Games Relay visits the Duke of York Islands

first_imgBy Quintina NaimeDuke of York Islands group  is 45 minutes by boat from Kokopo and offer sport diving, snorkelling and picnics under the coconut trees.The Relay team along with the Games mascot Tura Kokomo received a traditional welcome from singsing groups and students. The baton relayed along Molot Island and dropped in at two smaller islands. These beautiful islands are undeveloped but are easily visited.The lagoons around this historical group of islands provide all-weather canoeing, wind surfing and water skiing.The baton then headed off to the Beehives in Simpso’s harbour where a youth jumped off with the baton.The relay then travelled to Kokopo for a relay around the township.last_img

AT&T chief announces surprise June retirement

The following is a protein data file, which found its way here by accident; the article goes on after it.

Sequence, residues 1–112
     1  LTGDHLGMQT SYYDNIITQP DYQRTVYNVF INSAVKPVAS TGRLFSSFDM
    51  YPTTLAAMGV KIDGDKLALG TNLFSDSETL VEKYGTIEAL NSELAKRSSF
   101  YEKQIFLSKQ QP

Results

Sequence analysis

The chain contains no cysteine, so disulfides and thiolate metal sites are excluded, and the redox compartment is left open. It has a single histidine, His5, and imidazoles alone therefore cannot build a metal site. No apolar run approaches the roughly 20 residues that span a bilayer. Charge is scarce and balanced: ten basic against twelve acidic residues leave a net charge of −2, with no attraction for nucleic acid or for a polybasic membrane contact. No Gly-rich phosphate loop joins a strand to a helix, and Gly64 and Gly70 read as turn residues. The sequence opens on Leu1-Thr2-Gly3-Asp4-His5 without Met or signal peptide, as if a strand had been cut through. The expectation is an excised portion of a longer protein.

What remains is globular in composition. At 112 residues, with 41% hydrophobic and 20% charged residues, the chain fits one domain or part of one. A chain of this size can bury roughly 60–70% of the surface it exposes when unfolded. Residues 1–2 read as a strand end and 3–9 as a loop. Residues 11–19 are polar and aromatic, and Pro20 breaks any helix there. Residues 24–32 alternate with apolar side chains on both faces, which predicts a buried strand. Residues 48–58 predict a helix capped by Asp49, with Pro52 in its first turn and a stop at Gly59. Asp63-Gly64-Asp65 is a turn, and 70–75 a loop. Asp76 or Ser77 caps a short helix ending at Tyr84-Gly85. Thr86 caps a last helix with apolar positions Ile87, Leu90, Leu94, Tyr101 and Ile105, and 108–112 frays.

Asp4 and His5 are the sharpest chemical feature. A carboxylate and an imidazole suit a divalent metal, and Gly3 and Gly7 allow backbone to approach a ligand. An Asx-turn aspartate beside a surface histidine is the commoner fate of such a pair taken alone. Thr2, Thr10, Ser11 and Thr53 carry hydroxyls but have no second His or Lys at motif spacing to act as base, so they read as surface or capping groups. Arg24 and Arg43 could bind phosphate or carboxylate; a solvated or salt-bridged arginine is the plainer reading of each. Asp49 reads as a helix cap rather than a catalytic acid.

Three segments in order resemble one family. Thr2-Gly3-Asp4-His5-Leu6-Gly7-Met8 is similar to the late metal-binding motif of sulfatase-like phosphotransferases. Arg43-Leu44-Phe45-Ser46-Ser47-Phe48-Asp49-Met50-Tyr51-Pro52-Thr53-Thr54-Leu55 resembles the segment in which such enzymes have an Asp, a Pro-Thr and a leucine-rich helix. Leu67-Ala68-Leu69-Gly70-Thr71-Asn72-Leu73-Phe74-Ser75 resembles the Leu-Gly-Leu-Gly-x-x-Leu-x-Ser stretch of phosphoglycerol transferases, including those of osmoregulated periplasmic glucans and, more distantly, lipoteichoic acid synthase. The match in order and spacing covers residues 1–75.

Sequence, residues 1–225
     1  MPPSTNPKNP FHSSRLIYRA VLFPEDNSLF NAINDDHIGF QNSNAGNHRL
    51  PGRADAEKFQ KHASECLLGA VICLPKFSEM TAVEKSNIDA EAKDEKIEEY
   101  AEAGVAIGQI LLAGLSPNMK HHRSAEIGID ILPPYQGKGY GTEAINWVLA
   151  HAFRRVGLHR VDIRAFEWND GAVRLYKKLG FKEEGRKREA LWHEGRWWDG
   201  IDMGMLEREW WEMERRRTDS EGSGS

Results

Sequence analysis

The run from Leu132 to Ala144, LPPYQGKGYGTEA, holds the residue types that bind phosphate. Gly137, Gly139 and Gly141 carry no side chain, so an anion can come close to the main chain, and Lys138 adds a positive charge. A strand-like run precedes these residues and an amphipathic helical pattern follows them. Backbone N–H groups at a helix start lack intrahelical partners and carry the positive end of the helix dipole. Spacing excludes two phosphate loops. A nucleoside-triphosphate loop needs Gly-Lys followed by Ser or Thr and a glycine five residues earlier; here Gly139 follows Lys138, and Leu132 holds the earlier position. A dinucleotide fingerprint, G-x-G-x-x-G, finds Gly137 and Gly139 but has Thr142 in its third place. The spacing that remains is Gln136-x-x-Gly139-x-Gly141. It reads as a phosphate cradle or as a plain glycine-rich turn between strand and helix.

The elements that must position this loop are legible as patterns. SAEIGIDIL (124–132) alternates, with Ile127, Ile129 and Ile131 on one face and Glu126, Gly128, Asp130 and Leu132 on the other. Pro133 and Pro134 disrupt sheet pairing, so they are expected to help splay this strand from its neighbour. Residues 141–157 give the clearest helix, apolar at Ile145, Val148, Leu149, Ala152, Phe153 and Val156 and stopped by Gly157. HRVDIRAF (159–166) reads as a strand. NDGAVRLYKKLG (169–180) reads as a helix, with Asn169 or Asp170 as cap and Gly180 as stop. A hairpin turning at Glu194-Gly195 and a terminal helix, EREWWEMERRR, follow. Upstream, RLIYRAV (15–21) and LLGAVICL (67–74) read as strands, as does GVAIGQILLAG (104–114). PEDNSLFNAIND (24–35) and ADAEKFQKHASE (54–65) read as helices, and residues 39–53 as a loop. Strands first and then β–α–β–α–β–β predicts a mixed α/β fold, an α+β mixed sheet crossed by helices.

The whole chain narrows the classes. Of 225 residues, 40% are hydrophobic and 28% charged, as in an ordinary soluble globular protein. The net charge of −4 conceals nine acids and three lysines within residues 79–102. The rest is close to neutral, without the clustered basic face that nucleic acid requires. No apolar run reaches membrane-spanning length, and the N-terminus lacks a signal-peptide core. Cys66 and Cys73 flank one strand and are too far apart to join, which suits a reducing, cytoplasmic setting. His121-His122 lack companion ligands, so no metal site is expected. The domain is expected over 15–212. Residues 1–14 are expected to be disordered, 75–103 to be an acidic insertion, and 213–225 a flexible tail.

first_img 160Want local news?Sign up for the Localist and stay informed Something went wrong. Please try again.subscribeCongratulations! You’re all set! SAN ANTONIO — Edward Whitacre Jr., the blunt-talking Texan who led AT&T Inc.’s growth from the smallest of the Baby Bells into the nation’s largest telecommunications company, announced Friday he will retire as chairman and chief executive in June. He’ll be replaced in both roles on June 3 by Chief Operating Officer Randall Stephenson, 47. “I’ve always considered it my main priority to ensure the long-term viability of the company,” said Whitacre at the annual shareholders meeting, where he unexpectedly announced his retirement. “I have great confidence in the next generation of leadership.” Stephenson, who has been the chief operating officer since 2004, rose through the ranks of AT&T and its predecessors. Formerly the chief financial officer, Stephenson is credited with overseeing the company’s drive to reduce debt, which allowed it to make an aggressive string of acquisitions, most recently the $86 billion purchase of BellSouth. Whitacre, 65, had another year on his contract, but Patrick Comack, an analyst for Zachary Investment Research, said Whitacre’s decision to leave sends him out on top. “He built AT&T into a juggernaut,” said Comack, who is often critical of AT&T because of the ongoing competition it faces from cable television. “He’s highly respected on Wall Street, a straight shooter.” In Whitacre’s 17 years at the helm, he presided over the company’s growth from a regional telephone provider to the nation’s largest provider of wireless, broadband and traditional phone service. Recently, some shareholders and advocacy groups have criticized how much Whitacre earns, however. He’ll collect more than $161.6 million, including $73.8 million in deferred compensation and the $84.7 million in his pension fund in his retirement package. He’ll also make more than $1 million per year for three years as a consultant for the company, according to AT&T’s proxy statement. During that time, his benefits will continue and he’ll get some tax help, including the payment of about $15,600 in taxes per year. But with the stock trading at a five-year high, three shareholder-driven initiatives to limit compensation and pension funds for AT&T executives failed shareholder votes Friday. “I’m not sure anyone is worth that kind of money, but if anybody is going to get it, at least he did his job,” Comack said of Whitacre. Because of recent successes, the board approved a 6.2 percent increase in monthly benefits for AT&T’s oldest and poorest retirees. Roughly 88,000 former employees who retired before 1996 and receive less than $1,200 per month will get the increase starting in October, Whitacre announced Friday. AT&T, formerly named Southwestern Bell and then SBC Communications, was the smallest of the seven “Baby Bells” spun off in the 1984 government-ordered breakup of the national AT&T monopoly. Under Whitacre, who began at Southwestern Bell in 1963 as a facility engineer, the company acquired three of its larger Bell siblings, as well as its former corporate parent, the AT&T long-distance business created in the breakup, and renamed itself AT&T in the process. The acquisition of BellSouth gave AT&T full ownership of Cingular Wireless, which had been a joint venture and is the nation’s largest wireless carrier with 62 million subscribers. The selection of Stephenson, who began with Southwestern Bell in 1982, was not a surprise. Whitacre is known to be loyal to his team, with many of the management changes being internal promotions. David Dorman, the chief executive of the acquired AT&T long distance business, had wanted to be designated the heir apparent and resigned when it was clear Stephenson would likely get the nod, Comack said. AT&T’s stock dipped on the news of Whitacre’s departure, falling 32 cents to close at $38.64 in trading Friday on the New York Stock Exchange.last_img read more